" For your information, my life is a living Hell "
— Elizabeth Hurley (as the devil), Bedazzled

MRQE Top Critic

The Great Train Robbery

(review...)

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After watching Dirty Pretty Things, director Stephen Frears’ (High Fidelity, Dangerous Liaisons) fascinating and suspenseful portrayal of life among illegal immigrants, you may never look at your hotel’s maids or clerks the same way again.

Foreigners

Sharp, honest Okwe prefers work to sleep
Sharp, honest Okwe prefers work to sleep

In writer Stephen Knight’s story of an African man and a Turkish woman who work at a London hotel, the pair must make terrible decisions in their quest to elude immigration officials.

The film is romantic without ever veering into sentimentality; the brilliant Audrey Tautou (Amelie) captures a determined innocence in the role of Senay; her poignant near-romance with the more worldly character of Okwe (Chiwetel Ejiofor) raises the stakes of the pair’s enterprises. Sergi Lopez provides a sometimes funny yet chilling foil as their evil hotel boss.

DVD Extras

A brief, behind-the-scenes featurette adds little to the enjoyment of the film. Frears’ commentary track only occasionally compels as he shares a handful of anecdotes about making Dirty Pretty Things (for example, that during filming the filmmakers had to adjust to Audrey Tautou’s sudden explosion of fame for her star turn in Amelie; and that he doesn’t know what the title means) and explains a couple of in-jokes. He spends too much of the time lavishing praise on the actors, endlessly reiterating that Catalán actor Sergi Lopéz couldn’t speak much English.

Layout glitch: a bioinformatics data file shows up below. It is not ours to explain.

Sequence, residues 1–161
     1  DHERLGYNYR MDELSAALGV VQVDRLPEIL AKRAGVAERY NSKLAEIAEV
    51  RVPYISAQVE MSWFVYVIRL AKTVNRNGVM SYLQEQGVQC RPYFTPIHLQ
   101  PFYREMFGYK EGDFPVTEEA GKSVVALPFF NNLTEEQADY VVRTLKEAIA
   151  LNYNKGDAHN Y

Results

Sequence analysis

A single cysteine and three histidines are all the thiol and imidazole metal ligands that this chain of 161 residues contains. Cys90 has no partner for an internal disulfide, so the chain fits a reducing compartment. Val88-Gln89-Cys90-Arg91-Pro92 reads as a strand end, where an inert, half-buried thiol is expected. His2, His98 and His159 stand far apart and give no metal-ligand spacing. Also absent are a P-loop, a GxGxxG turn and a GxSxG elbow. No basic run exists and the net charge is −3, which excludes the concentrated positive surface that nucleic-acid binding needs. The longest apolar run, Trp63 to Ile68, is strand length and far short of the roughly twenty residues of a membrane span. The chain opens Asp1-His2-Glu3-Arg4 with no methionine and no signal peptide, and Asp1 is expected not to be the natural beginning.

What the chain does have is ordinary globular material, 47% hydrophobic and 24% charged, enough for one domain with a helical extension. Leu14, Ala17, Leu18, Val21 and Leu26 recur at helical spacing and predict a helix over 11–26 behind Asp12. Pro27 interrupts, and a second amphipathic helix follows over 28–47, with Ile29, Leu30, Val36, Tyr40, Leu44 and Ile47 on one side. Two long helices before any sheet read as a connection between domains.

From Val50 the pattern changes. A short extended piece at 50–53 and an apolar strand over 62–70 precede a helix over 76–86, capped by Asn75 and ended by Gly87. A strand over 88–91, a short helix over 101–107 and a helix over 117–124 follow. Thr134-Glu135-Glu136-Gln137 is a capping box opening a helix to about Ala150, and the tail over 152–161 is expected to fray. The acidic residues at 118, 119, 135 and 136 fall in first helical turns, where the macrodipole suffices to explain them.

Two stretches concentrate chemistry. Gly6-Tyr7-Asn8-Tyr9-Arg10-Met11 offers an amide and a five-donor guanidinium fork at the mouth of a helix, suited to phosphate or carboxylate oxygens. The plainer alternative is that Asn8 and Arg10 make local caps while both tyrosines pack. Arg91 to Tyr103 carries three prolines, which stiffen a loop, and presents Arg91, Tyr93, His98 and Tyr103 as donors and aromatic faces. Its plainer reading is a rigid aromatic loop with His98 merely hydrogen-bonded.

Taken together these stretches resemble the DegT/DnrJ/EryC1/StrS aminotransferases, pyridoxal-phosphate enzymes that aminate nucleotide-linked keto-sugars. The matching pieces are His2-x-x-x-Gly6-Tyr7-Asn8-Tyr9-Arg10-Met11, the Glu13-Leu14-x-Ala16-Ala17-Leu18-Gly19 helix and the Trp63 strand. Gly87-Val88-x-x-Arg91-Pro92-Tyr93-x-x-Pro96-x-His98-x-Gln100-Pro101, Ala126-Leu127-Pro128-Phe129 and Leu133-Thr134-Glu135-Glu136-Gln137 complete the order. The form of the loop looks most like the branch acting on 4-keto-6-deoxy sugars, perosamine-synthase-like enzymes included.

Picture and Sound

The DVD captures a London that is drenched in greens and reds and strong hues that reflect the vibrancy of its interracial and intercultural subjects. Cinematographer Chris Menges’ unshowy camera work and Nathan Larson’s lilting, contemporary score lend a careful musical and visual emphasis that allows Dirty Pretty Things to stand on its excellent dialogue and plot.